In this sense, improving my writing might be more about creating processes and habits that allow me to more consistently output writing near the upper part of my quality range, rather than increasing my theoretically possible writing, and then rarely reaching it in practice because of time constraints.

5. Improving writing-adjacent skills.

It might also be that writing itself isn’t my bottleneck. That I could deliver more effective writing if my ideas were better, if I had better life experiences to draw from, understood difficult subjects in more depth or cultivated authority to speak on more topics from better credentials or real-world successes.

This certainly has been a part of my already-existing strategy at improving writing. My previous learning projects [3] helped me immensely with my writing, not by improving my writing itself but giving me something unique to talk about.

In practice, it’s often difficult to tease apart writing from the writer. Do I like Paul Graham’s essays [4] because he’s a good writer and thinker? Or do I respect him for his entrepreneurial success and that elevates his writing in my eyes in a way I would disregard if it came from someone unproven?

This might also be something to test using Approach #2. I suspect both are important, although it’s not entirely clear what the split ought to be.

6. Exploring outside of my comfort zone.

Perhaps the key to successful writing is simply being different. Maybe writing quality is stochastic itself, and so those who take the most swings are the ones with the most home runs, and that the greater your variability as a writer, the better you’ll perform.

I’m not convinced this is a complete explanation of writing talent, but it’s also possible that my writing weaknesses are from being stuck repeating the same successful strategies of the past.

Getting out of your old habits, however, is easier said than done. Just wanting to be different isn’t usually enough. You usually also need creative constraints which force you to do something that doesn’t come automatically.

Random constraints and a random search strategy may also have the possible benefit of exploring entirely new territory in ideas and writing, which is a defect of Approach #1. If the thing that makes a great artist great is that he or she is like nobody else, then emulating successful strategies may end up repeating styles that are already overdone.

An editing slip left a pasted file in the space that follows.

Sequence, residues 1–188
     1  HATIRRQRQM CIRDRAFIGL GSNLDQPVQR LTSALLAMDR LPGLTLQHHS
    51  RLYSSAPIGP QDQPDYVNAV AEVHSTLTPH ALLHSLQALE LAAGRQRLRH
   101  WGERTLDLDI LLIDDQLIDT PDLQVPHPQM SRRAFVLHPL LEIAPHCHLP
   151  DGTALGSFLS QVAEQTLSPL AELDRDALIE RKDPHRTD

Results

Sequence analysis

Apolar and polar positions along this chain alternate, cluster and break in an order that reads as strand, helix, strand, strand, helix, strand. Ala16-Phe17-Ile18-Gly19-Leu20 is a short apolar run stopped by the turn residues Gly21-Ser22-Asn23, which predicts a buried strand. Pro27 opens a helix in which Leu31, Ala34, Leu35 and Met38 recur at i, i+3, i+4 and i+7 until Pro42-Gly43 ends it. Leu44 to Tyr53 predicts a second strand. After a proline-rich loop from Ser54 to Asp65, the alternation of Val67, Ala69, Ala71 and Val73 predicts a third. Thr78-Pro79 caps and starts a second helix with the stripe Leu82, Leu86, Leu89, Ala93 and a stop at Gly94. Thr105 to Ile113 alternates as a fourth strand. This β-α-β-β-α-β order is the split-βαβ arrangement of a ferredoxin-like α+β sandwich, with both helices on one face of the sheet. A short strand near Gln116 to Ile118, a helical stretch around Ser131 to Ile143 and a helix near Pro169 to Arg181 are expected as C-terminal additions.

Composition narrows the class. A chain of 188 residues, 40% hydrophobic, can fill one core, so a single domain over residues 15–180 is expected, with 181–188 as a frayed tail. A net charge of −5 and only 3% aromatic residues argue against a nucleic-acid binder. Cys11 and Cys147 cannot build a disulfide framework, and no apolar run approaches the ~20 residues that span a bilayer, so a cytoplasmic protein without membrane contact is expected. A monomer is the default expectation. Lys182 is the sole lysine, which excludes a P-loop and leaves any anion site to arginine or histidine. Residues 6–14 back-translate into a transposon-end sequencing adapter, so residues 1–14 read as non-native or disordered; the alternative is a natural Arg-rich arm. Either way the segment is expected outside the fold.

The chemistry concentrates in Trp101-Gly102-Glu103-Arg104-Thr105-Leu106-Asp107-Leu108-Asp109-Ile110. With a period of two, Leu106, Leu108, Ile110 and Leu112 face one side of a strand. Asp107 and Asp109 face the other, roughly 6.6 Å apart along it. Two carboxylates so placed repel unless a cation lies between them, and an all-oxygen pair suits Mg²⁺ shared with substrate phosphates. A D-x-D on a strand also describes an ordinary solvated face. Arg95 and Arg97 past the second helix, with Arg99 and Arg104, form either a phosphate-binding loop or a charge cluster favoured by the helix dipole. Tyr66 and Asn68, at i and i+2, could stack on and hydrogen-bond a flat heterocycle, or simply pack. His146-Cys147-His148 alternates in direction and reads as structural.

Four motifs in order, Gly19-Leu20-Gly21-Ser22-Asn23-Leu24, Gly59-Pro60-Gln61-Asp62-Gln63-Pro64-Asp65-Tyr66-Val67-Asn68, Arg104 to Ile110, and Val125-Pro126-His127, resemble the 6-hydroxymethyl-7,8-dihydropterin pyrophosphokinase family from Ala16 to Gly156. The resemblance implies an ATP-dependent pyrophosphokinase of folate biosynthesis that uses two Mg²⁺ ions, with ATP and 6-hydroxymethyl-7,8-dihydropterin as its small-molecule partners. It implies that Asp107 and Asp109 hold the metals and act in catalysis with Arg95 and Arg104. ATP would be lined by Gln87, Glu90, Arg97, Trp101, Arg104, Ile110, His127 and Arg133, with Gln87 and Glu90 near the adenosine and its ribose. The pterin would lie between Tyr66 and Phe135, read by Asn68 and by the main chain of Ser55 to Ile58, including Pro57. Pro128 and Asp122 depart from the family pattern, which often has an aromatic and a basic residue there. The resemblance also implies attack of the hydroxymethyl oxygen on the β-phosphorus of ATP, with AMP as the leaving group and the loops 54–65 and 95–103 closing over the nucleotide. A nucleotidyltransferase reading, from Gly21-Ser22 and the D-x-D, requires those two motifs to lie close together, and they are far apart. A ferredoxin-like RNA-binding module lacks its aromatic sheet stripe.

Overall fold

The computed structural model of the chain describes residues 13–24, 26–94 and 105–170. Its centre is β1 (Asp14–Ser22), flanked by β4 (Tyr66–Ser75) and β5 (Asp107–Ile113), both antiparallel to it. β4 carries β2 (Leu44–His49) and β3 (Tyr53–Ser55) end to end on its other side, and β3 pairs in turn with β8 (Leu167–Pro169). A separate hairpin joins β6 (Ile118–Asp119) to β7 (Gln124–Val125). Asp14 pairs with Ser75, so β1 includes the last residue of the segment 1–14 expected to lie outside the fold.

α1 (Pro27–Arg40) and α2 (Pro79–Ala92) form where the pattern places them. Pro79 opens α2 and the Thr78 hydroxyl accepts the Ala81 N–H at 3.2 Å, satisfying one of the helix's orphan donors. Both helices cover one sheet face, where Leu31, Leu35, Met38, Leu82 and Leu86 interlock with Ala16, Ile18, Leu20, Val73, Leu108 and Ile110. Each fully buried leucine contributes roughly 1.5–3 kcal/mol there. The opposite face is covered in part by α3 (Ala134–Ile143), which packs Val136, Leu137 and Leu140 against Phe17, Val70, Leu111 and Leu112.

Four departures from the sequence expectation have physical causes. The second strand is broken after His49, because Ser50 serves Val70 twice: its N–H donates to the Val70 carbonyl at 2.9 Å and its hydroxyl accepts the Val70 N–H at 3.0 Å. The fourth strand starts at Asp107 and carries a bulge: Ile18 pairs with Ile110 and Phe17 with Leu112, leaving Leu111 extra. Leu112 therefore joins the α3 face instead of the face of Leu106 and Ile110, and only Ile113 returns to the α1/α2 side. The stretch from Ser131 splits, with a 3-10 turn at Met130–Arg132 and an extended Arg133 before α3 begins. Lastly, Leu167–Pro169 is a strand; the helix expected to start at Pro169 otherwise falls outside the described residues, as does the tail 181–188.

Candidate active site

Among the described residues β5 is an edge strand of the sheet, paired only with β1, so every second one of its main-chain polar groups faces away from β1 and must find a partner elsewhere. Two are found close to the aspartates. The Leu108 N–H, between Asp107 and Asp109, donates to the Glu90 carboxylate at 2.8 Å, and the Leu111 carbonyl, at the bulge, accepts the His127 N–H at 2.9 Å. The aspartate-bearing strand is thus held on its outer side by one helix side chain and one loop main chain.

Is Analytical Improvement of Creative Skills Even Possible?

All of this deliberate improvement presupposes that this is even the right paradigm for thinking about improving creative skills. While I lean in favor of this view, others might argue that creative skills are either impossible to evaluate in terms of goodness, or that analytical approaches to mastery are doomed to fail.

One argument might be that “quality” itself in writing is totally arbitrary. Van Gogh was a brilliant painter. However his work went largely unrecognized in his lifetime. The art world around him certainly didn’t see his work as being anything special, until they changed their minds and made him one of the most famous painters of all time.

In the same way, it might be the case that what makes someone a good writer is simply irreducible to any kind of analysis. A “bad” writer, who, through chance, later becomes famous, may have all her previous work re-evaluated and elevated to the level of brilliance. If quality is determined through a fickle process of social consensus, it might be a mistake to talk about mastery in the first place.

Another argument might say that “quality” is achievable, but that it’s strictly impossible to reach this via analytic methods. This is certainly the view of some creativity researchers, who separate mundane acts of technical innovation and problem solving from “genius”-level creativity, which is genius precisely because it can’t be reduced to a formula or analysis, perhaps except after the fact.

Following this train of thought, getting better at writing is a process of inspiration and disinhibition [5]. An emphasis on quality, particularly if it’s enforced from top-down processes of self-control, is a move in exactly the wrong direction.

I try not to rule out any hypotheses when approaching problems, but taking either of these as a starting point seem like non-starters for a project, so I’d probably set them aside for now. That may be the equivalent of the drunk looking for his lost keys under the streetlight because he can see better there, but I’m not sure there’s any way around it.

How Do You Approach Getting Better at Something You’re Already Good At?

What skill do you spend your life doing? How do you approach getting better at it, especially if you’re already pretty good? Are there any strategies and theories I’m missing above that I should consider? Share your thoughts in the comments.